Wednesday, December 10, 2008

Fallacies in Biblical Interpretation

In a forthcoming Newsweek cover article already online, Lisa Miller, religion editor for Newsweek, offers “the religious case for gay marriage.” Not content to argue that the Bible doesn’t condemn same-sex marriage, Miller tries to turn the tables and present a case for gay marriage from biblical principles: “Opponents of gay marriage often cite Scripture. But what the Bible teaches about love argues for the other side.”

It is probably too much to hope that Miller’s article will end, at least for a while, the incessant chirping of those who advocate same-sex marriage that the Bible ought to be left out of the discussion. If it is legitimate for advocates to cite the Bible to support their position, surely it is legitimate for opponents to do the same thing.

A thorough, point-by-point rebuttal to Miller’s article is beyond the scope of this post. I will content myself with documenting some of the common fallacies in biblical interpretation and theological argumentation that crop up constantly in the debate over same-sex unions and that the article exemplifies.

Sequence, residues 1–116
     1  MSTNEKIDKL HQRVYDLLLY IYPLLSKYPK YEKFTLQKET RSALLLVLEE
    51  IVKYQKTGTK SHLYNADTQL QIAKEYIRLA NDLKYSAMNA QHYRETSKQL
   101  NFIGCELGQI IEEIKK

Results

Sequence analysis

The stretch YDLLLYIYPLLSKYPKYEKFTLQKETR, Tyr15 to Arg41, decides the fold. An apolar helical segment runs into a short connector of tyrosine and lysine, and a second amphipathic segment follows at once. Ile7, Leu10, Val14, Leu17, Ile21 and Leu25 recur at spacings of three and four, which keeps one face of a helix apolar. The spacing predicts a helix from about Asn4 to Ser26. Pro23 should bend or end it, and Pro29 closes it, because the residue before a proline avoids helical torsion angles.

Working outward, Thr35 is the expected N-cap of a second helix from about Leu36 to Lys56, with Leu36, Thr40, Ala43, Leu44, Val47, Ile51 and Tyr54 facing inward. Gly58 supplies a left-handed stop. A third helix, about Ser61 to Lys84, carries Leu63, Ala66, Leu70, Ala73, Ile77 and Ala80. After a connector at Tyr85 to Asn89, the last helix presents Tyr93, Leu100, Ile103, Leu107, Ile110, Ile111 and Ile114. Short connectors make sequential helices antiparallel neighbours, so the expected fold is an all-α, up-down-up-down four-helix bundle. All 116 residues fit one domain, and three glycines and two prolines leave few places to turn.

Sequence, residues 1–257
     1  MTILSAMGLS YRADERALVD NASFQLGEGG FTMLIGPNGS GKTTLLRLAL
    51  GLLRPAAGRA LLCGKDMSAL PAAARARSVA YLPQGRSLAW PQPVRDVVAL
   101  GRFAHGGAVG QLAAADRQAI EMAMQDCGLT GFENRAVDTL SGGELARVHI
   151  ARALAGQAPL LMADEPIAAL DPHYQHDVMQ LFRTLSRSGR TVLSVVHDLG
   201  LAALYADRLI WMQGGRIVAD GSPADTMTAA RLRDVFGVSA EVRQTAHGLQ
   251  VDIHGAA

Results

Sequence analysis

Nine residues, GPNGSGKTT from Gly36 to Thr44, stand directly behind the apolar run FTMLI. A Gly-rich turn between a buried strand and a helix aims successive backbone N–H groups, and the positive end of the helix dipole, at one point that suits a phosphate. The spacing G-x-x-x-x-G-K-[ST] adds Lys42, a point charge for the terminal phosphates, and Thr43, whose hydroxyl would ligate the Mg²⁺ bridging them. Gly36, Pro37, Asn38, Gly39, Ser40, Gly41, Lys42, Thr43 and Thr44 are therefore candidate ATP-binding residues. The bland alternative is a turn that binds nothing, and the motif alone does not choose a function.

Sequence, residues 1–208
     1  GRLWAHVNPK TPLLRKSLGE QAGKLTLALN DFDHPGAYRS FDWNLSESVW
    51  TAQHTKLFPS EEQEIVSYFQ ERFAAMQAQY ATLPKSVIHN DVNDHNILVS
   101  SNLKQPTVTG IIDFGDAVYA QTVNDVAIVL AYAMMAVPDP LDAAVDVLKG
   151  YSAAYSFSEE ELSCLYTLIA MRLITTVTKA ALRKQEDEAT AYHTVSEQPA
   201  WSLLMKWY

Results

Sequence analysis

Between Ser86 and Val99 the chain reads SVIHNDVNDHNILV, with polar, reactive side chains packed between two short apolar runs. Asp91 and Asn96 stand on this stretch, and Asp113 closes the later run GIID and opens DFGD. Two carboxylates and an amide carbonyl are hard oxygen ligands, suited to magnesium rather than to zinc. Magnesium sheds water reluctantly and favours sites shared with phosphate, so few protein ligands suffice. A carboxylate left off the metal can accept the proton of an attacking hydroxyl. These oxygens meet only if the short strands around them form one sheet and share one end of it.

Loophole Exegesis

According to Miller, “while the Bible and Jesus say many important things about love and family, neither explicitly defines marriage as between one man and one woman.” That word explicitly gives away the whole game. Somehow contemporary interpreters imagine that if the Bible failed to anticipate their creative interpretations and to deny them explicitly, then the traditional interpretation is not justified. The Bible does not come with a theological lexicon and rarely offers formal definitions of its terms. Then again, neither does Newsweek. But this lack doesn’t mean that we cannot derive clear conclusions from what it does say.

The story is told that a lady once caught W. C. Fields reading a Bible. When she asked him why, Fields replied, “Just looking for loopholes my dear, just looking for loopholes.” I’m afraid this is the way many people read the Bible. Rather than accept what the Bible says in its context, they look for loopholes to justify their alternate opinions. Any possible or conceivable way out supposedly proves that the Bible does not support the traditional view.

Continue reading this excellent article here.

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